Pope Francis is said to have agreed to a two-year extension of the controversial agreement with China on the appointment of Catholic bishops in the authoritarian country, according to Reuters.
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The secret treaty, signed earlier between the Vatican and Beijing in September 2018, is the first public agreement between the two countries since they severed diplomatic relations in 1951 and allowed the Pope appoint and veto the bishops approved by the Chinese Communist Party (CCP). Although pro-democracy activists have opposed the deal and have described it as a catalyst for religious persecution in China, a senior Vatican official said on Monday. 9) that Pope Francis has decided to continue the extension.
The source said the Vatican believes it is “cautious” enough to extend the two-year deal after its expiration this month. He added that Hong Kong was not included in the renewal as many were concerned and there was no change to the region.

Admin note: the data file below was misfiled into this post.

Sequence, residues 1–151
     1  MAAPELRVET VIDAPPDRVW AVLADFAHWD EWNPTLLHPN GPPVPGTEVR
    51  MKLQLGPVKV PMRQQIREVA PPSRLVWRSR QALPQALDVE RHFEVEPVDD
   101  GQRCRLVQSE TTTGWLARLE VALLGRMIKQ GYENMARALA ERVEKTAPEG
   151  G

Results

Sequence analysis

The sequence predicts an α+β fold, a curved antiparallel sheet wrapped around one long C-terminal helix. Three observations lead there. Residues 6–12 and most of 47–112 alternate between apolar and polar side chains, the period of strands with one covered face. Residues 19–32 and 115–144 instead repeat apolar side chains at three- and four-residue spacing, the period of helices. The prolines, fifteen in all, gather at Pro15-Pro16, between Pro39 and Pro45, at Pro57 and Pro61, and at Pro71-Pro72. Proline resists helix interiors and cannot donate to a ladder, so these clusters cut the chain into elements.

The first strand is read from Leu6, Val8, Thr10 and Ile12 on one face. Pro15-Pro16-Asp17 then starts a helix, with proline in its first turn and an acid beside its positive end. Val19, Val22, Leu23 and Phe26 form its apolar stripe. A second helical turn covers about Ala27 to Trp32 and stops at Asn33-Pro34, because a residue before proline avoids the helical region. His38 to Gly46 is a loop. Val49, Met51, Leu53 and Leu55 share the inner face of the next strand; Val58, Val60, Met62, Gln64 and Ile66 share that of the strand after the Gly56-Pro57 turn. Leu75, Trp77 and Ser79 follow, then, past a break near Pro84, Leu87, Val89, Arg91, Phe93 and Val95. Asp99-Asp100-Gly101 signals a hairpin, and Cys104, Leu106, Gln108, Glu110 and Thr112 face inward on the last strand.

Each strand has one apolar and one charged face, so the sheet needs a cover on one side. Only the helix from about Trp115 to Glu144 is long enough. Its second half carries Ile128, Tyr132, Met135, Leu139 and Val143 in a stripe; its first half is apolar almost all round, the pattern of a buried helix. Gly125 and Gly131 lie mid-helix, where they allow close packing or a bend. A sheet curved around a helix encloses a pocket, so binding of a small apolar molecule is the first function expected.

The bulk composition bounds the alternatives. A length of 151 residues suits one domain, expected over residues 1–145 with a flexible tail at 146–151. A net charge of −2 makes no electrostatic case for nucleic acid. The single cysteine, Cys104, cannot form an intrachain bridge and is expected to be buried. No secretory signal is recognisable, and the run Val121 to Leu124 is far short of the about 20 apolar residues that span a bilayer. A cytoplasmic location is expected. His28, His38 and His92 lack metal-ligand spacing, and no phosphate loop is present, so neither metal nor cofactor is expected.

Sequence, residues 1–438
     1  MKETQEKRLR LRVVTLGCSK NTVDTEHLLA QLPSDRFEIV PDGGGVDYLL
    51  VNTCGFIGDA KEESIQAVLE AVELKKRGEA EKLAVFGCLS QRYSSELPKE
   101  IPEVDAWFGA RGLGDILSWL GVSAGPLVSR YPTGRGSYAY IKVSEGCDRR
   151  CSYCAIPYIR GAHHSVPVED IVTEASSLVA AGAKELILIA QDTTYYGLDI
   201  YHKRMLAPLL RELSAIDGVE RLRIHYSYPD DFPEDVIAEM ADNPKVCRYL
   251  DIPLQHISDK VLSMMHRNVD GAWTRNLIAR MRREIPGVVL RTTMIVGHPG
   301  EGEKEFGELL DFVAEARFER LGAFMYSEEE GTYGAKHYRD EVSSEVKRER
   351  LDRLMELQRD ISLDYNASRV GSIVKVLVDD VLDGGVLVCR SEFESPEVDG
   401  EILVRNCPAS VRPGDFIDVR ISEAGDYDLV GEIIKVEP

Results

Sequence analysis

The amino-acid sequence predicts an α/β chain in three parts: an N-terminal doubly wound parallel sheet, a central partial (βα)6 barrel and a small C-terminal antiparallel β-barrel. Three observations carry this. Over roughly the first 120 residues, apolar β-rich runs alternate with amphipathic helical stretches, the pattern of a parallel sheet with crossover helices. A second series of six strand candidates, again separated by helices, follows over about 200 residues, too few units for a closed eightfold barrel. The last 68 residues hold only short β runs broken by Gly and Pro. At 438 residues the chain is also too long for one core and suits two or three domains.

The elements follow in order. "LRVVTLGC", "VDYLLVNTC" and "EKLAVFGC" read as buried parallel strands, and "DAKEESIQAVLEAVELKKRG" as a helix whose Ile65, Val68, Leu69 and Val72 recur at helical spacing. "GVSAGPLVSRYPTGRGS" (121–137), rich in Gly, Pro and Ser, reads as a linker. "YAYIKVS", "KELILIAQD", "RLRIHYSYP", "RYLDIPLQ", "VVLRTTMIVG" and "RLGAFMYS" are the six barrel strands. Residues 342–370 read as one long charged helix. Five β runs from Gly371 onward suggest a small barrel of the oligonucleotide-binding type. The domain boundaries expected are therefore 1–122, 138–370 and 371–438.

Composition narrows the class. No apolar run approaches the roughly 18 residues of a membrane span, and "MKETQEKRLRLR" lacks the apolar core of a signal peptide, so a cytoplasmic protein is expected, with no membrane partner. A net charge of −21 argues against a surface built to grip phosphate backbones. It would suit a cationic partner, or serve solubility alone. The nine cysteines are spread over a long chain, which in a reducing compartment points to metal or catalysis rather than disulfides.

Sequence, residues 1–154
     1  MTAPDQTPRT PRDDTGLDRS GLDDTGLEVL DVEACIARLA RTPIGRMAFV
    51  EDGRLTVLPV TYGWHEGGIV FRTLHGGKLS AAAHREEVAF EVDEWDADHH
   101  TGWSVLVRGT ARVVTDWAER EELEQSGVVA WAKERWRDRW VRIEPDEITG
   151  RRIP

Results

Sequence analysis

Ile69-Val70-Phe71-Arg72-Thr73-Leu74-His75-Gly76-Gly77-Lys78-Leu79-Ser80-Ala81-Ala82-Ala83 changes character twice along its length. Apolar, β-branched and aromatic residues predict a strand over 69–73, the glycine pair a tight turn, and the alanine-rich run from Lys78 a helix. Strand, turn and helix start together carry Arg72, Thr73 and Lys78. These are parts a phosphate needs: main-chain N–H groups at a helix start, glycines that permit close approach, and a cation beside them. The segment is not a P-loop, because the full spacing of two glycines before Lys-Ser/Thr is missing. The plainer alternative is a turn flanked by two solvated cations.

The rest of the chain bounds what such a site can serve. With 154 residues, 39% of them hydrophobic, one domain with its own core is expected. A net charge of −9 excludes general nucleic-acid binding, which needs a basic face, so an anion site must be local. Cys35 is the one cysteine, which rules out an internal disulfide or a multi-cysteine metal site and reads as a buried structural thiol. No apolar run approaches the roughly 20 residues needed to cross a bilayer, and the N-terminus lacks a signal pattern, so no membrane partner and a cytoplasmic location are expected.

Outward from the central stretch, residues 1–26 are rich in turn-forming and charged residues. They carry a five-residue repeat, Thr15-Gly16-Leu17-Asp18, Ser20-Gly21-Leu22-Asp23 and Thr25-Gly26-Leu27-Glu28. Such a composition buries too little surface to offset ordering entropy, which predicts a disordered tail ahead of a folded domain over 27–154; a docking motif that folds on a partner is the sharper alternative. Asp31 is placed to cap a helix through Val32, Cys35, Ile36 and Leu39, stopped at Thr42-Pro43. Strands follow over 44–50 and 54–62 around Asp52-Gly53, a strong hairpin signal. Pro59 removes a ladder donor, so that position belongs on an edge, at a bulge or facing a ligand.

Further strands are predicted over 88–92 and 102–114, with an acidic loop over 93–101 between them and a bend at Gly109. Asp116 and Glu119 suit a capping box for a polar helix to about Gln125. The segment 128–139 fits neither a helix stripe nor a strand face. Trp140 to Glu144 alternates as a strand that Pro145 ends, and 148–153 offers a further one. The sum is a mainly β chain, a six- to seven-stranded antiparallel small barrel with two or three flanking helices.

The source said the decision was carefully evaluated and it was not easy to deal with “an atheist communist regime” that does not take religion seriously. He also pointed out that having a deal is better than not having a deal.
Since coming into force two years ago, the temporary agreement has raised concerns about the CCP’s use of it to suppress worshipers outside of “patriotic” churches. However, experts say that the Vatican is seeing this as an opportunity to heal relations with China after nearly 70 years of standoff.
Meanwhile, speculations about the Vatican possibly ending diplomatic relations with Taiwan have also emerged. In response, Taiwan’s Ministry of Foreign Affairs (MOFA) said on Tuesday (September 15) that it maintains “smooth” contact with its only European diplomatic ally, New Talk news.
Xuan Lan (according to Taiwan News)